Additionally, nearly half of global consumers (48%) admit they have lost control over how much data is stored about them and 56% have expressed concerns over losing track of their digital selves entirely. With more awareness of over how their data is being used – or misused as the case may be – consumers across the globe are now seeking to regain control over their data, with more than three-quarters (77%) of global consumers stating that they have already taken steps to reduce their digital footprint, including rejecting or disabling cookies on a website (38% globally) to unsubscribing from email lists (36% globally).
The value that consumers now place on privacy in a digital world is only set to be reinforced over the coming months and years. With just over 6-in-10 global consumers (62%) agreeing that in two years’ time their data privacy will be more important to them than it is now, and almost three-quarters (74%) of global consumers calling for stronger transparency around data governance, specifically from brands.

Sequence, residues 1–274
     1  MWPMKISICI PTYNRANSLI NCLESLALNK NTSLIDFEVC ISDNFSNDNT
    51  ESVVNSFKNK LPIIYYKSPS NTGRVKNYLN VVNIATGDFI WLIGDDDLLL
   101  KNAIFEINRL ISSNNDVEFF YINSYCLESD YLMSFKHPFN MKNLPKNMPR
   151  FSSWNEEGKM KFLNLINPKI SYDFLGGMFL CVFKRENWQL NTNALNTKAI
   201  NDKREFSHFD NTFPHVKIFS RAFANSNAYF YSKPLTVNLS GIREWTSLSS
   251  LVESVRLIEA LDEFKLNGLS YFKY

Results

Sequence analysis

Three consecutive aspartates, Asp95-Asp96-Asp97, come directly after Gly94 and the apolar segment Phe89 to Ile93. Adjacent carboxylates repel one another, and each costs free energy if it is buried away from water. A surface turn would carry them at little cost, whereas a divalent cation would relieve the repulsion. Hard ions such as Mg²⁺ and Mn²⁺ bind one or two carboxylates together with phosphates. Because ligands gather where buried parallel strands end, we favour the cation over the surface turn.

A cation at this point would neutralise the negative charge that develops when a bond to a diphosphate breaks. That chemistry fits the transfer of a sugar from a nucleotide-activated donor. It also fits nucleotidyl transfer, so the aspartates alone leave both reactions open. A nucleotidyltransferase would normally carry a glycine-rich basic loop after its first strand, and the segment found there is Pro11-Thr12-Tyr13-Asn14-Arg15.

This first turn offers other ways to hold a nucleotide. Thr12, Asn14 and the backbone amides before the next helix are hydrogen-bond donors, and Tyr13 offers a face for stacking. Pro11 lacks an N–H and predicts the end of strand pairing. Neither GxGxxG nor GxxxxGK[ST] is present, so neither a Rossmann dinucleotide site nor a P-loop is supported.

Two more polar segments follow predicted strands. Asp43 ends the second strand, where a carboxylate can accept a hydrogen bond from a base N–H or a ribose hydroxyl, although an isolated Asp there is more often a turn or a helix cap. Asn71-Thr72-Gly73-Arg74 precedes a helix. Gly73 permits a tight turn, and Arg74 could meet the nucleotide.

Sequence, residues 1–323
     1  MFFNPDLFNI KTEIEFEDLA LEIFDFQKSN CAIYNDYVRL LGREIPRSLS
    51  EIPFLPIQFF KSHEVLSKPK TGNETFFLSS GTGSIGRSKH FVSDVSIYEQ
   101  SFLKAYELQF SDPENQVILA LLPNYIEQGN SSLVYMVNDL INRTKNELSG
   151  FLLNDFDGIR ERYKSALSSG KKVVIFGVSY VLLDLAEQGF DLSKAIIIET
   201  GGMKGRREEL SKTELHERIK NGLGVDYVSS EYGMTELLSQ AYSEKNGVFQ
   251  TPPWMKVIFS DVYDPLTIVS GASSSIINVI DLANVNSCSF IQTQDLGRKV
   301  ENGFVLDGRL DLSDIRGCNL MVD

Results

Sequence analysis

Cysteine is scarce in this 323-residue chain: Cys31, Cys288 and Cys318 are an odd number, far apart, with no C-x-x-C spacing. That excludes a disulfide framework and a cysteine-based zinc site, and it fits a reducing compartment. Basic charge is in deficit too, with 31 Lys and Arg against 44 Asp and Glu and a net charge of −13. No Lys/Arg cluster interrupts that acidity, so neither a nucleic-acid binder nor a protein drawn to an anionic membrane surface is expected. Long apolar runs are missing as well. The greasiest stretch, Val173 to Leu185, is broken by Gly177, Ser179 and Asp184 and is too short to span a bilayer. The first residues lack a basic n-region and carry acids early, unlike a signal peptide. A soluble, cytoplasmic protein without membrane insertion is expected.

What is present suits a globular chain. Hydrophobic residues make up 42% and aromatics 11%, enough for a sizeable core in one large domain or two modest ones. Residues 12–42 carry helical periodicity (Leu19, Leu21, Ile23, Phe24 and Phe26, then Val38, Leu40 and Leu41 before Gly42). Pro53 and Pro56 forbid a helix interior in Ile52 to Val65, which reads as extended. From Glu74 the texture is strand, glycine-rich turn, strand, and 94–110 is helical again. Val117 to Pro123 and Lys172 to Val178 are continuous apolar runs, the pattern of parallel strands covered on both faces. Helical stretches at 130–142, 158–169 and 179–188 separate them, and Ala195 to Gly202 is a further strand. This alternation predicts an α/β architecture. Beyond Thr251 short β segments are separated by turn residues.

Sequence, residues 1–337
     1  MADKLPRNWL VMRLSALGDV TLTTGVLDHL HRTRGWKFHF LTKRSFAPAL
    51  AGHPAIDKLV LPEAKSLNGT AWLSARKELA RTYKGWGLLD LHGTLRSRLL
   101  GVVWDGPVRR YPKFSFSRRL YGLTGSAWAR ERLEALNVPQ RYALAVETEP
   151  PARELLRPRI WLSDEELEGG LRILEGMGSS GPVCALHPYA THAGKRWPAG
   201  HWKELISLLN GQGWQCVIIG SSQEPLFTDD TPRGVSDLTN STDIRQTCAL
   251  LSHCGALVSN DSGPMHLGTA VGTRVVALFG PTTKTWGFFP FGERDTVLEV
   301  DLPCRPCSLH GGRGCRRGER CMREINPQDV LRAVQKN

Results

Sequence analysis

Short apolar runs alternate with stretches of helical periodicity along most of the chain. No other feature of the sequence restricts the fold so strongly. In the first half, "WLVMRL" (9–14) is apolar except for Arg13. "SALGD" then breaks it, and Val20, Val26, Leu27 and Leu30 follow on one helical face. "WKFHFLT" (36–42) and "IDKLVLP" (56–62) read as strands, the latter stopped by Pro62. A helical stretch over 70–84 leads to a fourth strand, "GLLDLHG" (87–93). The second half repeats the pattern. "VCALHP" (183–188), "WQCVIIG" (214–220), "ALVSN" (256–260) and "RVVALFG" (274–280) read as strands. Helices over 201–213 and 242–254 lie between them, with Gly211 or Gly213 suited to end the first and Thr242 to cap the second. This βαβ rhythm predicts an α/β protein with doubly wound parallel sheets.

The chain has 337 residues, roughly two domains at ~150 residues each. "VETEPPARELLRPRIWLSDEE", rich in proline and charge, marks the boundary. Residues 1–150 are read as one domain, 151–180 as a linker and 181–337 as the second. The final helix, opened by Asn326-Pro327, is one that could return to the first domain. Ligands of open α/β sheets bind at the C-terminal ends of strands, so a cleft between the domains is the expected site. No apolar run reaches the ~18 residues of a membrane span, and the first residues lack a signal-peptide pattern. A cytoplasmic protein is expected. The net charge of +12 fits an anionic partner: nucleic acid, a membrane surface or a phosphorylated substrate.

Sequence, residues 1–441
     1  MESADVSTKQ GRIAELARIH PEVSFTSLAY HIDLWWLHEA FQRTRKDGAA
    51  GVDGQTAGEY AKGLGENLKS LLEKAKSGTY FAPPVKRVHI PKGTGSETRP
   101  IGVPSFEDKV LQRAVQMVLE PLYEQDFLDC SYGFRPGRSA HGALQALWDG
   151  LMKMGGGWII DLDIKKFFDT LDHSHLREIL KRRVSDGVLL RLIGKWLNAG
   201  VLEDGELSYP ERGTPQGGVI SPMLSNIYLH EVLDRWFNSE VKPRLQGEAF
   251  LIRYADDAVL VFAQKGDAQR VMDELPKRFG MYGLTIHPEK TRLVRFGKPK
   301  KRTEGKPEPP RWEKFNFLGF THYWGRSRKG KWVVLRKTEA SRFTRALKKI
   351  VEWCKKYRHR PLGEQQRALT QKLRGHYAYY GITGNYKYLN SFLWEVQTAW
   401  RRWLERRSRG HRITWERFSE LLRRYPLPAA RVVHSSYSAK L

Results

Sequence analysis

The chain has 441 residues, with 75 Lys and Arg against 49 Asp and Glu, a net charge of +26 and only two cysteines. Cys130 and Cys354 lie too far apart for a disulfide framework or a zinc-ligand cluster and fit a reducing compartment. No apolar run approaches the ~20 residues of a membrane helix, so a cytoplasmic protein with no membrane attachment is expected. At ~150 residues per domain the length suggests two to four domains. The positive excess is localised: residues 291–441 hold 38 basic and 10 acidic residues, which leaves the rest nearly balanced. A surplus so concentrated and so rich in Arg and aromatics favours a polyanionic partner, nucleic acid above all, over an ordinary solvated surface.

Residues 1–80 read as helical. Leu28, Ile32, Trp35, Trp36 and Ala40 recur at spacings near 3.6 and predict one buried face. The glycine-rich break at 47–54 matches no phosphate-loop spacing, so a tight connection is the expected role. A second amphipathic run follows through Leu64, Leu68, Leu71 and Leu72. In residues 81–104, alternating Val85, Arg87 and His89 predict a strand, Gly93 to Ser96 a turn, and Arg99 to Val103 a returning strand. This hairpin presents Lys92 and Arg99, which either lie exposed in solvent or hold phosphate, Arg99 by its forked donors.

Marx added: “The COVID-19 pandemic has revolutionised the way we live, the way businesses operate and the way global society functions. With so much of life happening online, questions around safety and security have naturally come to the fore, triggering a tipping point for trust and digital privacy, which is highlighted by the findings in this year’s Global Consumer State of Mind Report. Having felt a loss of control, consumers are now seeking backtrack and retrace their steps to reclaim ownership and ensure the protection of their digital selves.”
Arlington Research, an independent market research agency, conducted 8,000 interviews in the UK, France, Brazil, South Korea and the USA, across a nationally representative sample of consumers. In the UK, France and the USA, 2,000 respondents were surveyed per country. In Brazil and South Korea, 1,000 respondents were surveyed in each country. Nationally representative samples were achieved in all countries; this was based on gender, age and region. Age ranges referred to in the report are defined as follows: Generation Z (those born between 1994- 2001), Millennials (those born between 1980-1993), Generation X (those born between 1965-1979), Baby Boomers (those born between 1946- 1964) and the Silent Generation (those born before 1946).